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★★★ Open House ★★★
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Blurring Digital and Physical Play -- with Starlink
“My own daughter is seven, and she’s beaten a lot of big games, including Zelda Breath of the Wild. She’s looking for something else. A lot of older kids are finished with kids games and they’re looking for the next thing. Unfortunately that next thing was never designed for their age group.” Matt Rose, Product Manger, Starlink (Ubisoft Canada) ?t=8m40s" target = "_blank"> ?t=8m40s

The intersection of concrete forms of play (stuff like sand, clay, blocks and physical manipulatives) and abstract/symbolic experiences (like books, apps, video games or other forms of screen media) has always been a fascinating space. Thanks to improvements in technology on the toy/controller side (namely accelerometers, batteries and bluetooth), the space has become even more interesting. Case in point, Nintendo Labo, the Poké Ball Plus and Starlink. Five years ago, Matt Rose and a team at Ubisoft Toranto started designing a “Toys to Life” game to compete with Disney Infinity amiibos and Skylanders. The result is Starlink, a new set of collectible figurines and a snap-together starship specifically designed for older children who are ready for a mature theme, but aren’t ready for the raw violence and language. Ubisoft’s research has found that over 30% of children aged 6 to 8-years have turned to M rated games, like Call of Duty or Grand Theft Auto. Ubisoft hopes Starlink will capture some of this market. See the research summary (keep in mind this appears to be a pre-Fortnite report).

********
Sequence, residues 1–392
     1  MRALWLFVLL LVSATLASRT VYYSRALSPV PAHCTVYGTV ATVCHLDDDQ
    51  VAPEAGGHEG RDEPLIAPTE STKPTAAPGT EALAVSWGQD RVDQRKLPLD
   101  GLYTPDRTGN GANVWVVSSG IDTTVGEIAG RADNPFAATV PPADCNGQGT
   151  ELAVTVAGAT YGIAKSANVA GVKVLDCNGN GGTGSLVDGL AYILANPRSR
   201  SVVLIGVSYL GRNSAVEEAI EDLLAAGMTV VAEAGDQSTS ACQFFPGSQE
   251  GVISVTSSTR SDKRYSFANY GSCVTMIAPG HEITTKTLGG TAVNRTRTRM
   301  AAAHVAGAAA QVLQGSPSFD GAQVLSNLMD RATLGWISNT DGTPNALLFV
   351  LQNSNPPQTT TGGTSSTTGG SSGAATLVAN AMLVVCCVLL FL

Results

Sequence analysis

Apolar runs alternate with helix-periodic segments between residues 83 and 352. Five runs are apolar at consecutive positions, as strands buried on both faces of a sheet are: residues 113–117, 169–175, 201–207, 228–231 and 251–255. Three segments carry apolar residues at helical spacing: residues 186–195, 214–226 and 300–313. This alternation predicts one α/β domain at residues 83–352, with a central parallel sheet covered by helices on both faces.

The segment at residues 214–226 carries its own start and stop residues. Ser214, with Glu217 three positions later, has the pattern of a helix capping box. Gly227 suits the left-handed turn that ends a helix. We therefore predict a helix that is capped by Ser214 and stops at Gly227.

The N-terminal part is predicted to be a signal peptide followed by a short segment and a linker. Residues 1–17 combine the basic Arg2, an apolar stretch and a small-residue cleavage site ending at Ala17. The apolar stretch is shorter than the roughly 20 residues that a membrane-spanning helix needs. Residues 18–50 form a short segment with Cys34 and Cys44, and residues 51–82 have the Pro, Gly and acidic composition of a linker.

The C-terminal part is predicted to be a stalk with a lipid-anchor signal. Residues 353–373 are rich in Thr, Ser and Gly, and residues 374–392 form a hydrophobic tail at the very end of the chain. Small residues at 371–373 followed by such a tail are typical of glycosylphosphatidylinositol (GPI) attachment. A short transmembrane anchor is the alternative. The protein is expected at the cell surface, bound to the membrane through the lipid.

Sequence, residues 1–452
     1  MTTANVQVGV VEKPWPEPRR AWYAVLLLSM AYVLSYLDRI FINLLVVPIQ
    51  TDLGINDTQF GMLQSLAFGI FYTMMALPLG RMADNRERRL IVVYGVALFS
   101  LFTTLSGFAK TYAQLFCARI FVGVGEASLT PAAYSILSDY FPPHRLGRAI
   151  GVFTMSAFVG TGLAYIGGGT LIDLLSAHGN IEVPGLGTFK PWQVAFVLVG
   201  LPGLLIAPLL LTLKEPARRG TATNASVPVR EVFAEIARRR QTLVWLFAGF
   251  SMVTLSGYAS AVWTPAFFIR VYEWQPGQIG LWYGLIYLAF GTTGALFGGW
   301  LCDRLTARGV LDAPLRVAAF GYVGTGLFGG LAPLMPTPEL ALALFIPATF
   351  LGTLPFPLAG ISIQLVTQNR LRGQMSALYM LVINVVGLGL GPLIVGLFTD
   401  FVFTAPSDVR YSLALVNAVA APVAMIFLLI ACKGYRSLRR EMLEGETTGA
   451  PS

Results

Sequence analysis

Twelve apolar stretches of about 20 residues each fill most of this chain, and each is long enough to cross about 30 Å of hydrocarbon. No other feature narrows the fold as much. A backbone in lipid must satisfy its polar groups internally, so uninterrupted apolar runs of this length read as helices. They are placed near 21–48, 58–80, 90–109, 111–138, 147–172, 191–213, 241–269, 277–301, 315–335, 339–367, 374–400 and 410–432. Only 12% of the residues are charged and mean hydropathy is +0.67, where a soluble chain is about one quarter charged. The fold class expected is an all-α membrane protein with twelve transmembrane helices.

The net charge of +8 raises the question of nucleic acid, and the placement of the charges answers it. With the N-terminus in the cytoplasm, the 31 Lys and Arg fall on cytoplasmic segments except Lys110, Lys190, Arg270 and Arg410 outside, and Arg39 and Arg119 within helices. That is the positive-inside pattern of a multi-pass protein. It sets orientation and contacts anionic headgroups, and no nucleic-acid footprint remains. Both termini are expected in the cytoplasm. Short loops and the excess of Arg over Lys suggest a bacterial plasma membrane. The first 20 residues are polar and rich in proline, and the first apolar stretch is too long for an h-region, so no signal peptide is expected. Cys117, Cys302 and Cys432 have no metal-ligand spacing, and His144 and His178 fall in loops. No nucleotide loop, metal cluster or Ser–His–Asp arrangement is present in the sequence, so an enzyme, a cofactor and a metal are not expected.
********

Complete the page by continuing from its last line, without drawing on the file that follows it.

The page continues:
Watch Matt Rose describe his game

True of false -- Dinosaurs were the largest living things on earth. The answer is false. In fact there’s a creature alive — right now — that’s a lot larger than even the largest dinosaur. What is it? Find out on page 3 or visit